Alcohol Rehab Myths
Don’t waste time waiting for willingness
Waiting until you are “ready” could be wasting valuable time.
It is quite often believed that an alcoholic must be entirely willing and self-motivated for treatment to work. This is untrue.
The reality is that most people enter alcohol rehab under some form of external pressure. Often patients in alcohol rehab have been pushed by family members or forced via intervention or court order.
This type of pressure can actually help ensure a positive treatment outcome. So the old myth that they have to ‘want it for themselves’ is entirely untrue.
How long is long enough?
Most alcohol rehab programs will begin with an intensive primary care period, including the all important detoxification – as detoxing alone, without medical supervision can be dangerous – thereafter this can be followed up by a secondary care and aftercare or tertiary care program.
The length of treatment, for severe dependencies, should ideally be around 90 days. This is not to say that patients who suffer from less severe dependencies or who cannot afford this length of treatment would not benefit from a shorter treatment program.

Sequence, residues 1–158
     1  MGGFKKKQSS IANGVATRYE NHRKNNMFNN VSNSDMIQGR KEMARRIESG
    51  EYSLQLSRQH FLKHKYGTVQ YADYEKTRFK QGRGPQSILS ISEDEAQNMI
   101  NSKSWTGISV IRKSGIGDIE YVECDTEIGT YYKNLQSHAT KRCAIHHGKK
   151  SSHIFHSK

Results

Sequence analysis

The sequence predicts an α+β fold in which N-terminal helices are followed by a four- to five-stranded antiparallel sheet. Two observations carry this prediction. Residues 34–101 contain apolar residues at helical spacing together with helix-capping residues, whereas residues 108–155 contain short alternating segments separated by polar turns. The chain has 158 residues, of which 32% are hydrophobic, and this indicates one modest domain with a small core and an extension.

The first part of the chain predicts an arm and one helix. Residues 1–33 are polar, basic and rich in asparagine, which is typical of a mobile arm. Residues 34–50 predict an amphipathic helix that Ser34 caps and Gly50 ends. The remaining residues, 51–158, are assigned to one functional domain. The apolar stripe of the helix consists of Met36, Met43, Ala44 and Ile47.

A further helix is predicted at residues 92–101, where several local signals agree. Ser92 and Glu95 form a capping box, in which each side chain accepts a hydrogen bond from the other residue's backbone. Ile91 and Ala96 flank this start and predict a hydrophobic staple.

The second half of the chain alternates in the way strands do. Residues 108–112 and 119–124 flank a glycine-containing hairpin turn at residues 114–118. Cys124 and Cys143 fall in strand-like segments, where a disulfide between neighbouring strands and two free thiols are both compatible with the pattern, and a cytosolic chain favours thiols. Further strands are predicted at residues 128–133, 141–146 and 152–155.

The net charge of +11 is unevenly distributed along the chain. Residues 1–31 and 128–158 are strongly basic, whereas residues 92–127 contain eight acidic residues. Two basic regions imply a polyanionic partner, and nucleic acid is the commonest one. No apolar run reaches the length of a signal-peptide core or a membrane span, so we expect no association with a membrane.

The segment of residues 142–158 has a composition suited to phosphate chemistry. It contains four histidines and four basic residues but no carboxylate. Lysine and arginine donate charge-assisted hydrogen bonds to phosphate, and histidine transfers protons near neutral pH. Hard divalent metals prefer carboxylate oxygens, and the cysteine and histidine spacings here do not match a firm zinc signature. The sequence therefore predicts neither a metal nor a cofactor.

There is a direct link between the length of alcohol rehab and better outcomes for those with severe addictions.
Relapse is not failure
Overcoming alcoholism is more often that not achieved after repeated attempts, it should not be assumed that if a person suffers a relapse after treatment that the treatment was unsuccessful or somehow ineffective.
Addiction is an illness and like any other illness relapse is a possibility, this, however, does not mean that time spent in alcohol rehab was wasted as any time spent in treatment will contribute towards achieving long term recovery from alcoholism.
In fact, addiction treatment is about as effective as treatment of other disorders like diabetes, high blood pressure and asthma and is absolutley cost effective!